1.) Why when an author has huge success with their first book is there second novel so routinely badly reviewed?
Two of my favorite novels are The Autograph Man by: Zadie Smith (and, why fault Smith for so wonderfully going away from the intergenerational saganess of White Teeth—which don’t get me wrong is a lovely book, funny and beautiful, and was adapted delightfully by the BBC—to try something really quite different.) and the amazing The Little Friend by: Donna Tartt. The Little Friend is a gorgeous book. Did I identify with it because the main character was so perfectly constructed out of things I too love (any little girl obsessed with Shackleton and Houdini has to be close to my heart)? Yes, absolutely, but I also found it to be so perfectly constructed that it made me want to cry.
2.) When will there be a really good (i.e, actually enjoyable to read and not completely full of scholarly dryness) academic book done on subterranean fantasy?
In particular I want something that covers the Subway fantastic of recent years: King Rat by: China Mieville, Neverwhere by: Neil Gaiman, the Hungarian film Kontroll (trust me I can make a very excellent argument as to why this great film fits into subterranean fantasy), etc. If there is such a book, let me know about it…Or, if there are any subterranean fantasy novels that I should check out, I am all ears (and wouldn’t that be something frightening? A person/ creature who was all ears? It could hear EVERYTHING!!)
3.) And speaking of China Mieville (which apparently I am never not doing): why is the man so amazing?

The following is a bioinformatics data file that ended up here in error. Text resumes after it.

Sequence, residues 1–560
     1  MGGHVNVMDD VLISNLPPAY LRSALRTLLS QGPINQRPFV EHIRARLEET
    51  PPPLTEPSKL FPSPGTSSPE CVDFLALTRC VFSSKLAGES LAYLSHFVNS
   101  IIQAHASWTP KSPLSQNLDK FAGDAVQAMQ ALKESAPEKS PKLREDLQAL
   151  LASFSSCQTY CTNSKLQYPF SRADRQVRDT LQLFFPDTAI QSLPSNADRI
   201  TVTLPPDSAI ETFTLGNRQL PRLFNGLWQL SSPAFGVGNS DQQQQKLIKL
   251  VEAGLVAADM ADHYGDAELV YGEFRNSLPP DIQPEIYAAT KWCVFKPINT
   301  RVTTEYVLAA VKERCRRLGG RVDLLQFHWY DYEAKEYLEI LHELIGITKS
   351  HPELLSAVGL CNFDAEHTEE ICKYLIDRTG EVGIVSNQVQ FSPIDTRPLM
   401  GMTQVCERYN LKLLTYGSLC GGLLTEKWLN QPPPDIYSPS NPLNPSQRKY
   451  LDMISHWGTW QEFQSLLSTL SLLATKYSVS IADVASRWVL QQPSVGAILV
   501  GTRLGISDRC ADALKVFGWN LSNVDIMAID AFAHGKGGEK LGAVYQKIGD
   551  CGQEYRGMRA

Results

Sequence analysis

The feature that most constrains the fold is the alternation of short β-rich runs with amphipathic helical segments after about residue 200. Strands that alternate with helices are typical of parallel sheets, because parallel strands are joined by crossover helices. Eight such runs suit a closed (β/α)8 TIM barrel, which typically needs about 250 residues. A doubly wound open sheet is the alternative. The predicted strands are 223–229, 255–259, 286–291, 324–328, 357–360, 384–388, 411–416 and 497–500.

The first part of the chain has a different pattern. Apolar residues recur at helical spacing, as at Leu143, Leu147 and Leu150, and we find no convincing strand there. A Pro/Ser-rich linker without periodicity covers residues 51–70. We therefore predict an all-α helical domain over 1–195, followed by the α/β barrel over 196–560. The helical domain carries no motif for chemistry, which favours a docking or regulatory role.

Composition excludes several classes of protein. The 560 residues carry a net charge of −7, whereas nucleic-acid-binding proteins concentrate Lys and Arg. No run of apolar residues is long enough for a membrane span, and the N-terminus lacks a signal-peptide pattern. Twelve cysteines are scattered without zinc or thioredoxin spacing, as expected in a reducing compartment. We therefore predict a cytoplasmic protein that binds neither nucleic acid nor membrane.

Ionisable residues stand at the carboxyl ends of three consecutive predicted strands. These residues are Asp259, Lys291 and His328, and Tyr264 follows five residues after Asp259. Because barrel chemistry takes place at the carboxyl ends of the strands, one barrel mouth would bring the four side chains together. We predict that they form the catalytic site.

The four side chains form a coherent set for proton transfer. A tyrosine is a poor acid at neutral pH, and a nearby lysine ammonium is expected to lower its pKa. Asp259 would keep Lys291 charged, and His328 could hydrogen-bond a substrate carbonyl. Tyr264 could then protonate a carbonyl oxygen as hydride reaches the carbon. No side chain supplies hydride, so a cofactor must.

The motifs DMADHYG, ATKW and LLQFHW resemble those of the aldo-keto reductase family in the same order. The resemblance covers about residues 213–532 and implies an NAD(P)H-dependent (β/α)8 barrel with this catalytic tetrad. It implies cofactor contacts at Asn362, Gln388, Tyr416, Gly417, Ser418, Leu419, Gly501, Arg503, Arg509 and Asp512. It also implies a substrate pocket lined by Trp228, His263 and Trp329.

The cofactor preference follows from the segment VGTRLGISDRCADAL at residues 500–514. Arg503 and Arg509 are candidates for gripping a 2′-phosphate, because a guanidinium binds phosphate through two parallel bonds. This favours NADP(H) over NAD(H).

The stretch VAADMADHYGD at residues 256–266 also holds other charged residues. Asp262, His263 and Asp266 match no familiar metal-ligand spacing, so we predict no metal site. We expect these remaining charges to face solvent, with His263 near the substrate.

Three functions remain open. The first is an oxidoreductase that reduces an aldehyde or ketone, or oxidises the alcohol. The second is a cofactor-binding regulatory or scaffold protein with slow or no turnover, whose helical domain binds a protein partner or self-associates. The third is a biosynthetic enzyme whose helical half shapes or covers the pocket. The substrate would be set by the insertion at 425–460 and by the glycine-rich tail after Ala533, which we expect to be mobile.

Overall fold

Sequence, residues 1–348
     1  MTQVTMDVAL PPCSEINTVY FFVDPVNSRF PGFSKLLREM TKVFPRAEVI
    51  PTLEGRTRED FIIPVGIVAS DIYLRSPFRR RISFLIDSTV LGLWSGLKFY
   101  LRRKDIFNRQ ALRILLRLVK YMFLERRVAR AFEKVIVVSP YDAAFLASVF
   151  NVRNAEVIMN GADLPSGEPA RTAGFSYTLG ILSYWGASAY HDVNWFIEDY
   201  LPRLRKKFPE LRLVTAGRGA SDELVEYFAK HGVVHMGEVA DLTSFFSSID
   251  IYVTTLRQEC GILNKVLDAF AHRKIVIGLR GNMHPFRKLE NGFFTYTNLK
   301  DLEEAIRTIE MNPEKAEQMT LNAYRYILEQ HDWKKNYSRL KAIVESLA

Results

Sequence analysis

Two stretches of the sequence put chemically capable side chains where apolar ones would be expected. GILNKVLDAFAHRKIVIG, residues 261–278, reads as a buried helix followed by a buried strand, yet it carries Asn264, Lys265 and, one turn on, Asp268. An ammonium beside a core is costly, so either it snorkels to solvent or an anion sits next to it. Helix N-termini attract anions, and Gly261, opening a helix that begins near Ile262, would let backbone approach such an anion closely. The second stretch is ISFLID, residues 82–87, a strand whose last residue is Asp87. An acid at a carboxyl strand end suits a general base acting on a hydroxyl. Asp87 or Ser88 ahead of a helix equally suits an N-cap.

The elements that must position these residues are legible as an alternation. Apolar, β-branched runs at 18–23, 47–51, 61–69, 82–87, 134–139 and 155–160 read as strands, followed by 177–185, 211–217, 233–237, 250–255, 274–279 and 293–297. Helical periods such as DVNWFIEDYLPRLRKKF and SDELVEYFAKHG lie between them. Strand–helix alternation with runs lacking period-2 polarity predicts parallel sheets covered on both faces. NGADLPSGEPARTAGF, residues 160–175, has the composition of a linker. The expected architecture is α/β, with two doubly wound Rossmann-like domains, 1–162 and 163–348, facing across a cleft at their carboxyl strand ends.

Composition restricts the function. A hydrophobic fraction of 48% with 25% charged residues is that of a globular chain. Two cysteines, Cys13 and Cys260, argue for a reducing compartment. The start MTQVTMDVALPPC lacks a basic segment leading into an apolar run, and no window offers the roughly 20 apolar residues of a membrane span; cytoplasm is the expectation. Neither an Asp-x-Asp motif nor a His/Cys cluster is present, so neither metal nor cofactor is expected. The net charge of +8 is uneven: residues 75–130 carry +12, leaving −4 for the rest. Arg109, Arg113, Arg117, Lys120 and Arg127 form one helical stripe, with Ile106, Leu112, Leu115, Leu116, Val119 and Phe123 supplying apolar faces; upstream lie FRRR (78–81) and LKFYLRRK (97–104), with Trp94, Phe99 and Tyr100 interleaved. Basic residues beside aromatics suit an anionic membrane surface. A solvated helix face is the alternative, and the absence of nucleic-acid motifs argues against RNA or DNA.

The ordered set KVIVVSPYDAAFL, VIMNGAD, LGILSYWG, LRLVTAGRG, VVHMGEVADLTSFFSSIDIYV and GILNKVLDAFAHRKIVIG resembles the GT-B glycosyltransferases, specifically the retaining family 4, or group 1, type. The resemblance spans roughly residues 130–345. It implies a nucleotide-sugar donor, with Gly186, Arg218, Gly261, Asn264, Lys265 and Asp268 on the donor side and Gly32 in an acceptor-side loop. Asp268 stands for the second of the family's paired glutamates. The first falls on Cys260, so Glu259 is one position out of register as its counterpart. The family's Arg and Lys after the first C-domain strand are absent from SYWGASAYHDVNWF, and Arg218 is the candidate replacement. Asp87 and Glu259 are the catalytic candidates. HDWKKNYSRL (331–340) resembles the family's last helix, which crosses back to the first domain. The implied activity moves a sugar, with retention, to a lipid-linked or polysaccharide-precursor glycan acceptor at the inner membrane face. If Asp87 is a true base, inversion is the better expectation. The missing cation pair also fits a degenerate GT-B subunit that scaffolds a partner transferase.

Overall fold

His books are each so distinct and so well created. How can someone go from a children’s fantasy novel (UnLunDun) to a truly glorious mash-up of noir and fabulism (The City and the City) to an excellent sci-fi dissection of truth and language (Embassytown) and on and on and I haven’t even mentioned quite a few books here?
4.) In the vein of UnLunDun, why am I so fascinated by stories of contemporary people who end up falling into fantastic worlds and why am I equally fascinated by the ways in which these types of books diverge?
There’s the person who is taking/ falls into a completely separate world in the vein of Alice in Wonderland, the Oz books, Peter Pan, UnLunDun, etc and then there are the ones where the protagonist learns of worlds that exist within our own such as the Harry Potter series and I could argue that Stardust fits into this category versus the other. I think my fascination probably stems back to an early fascination with fairy tales that were centered on children stolen away to the land of fairy, etc. Or, perhaps, on my over watching of Return to Oz (one of the greatest literary adaptations to film. Ever. I will fight people on this one, if I must).
5.) And perhaps the most important question: Why am I rambling on about these things and letting them fill up my head?
This is actually the simplest to answer and in just two words: MFA applications.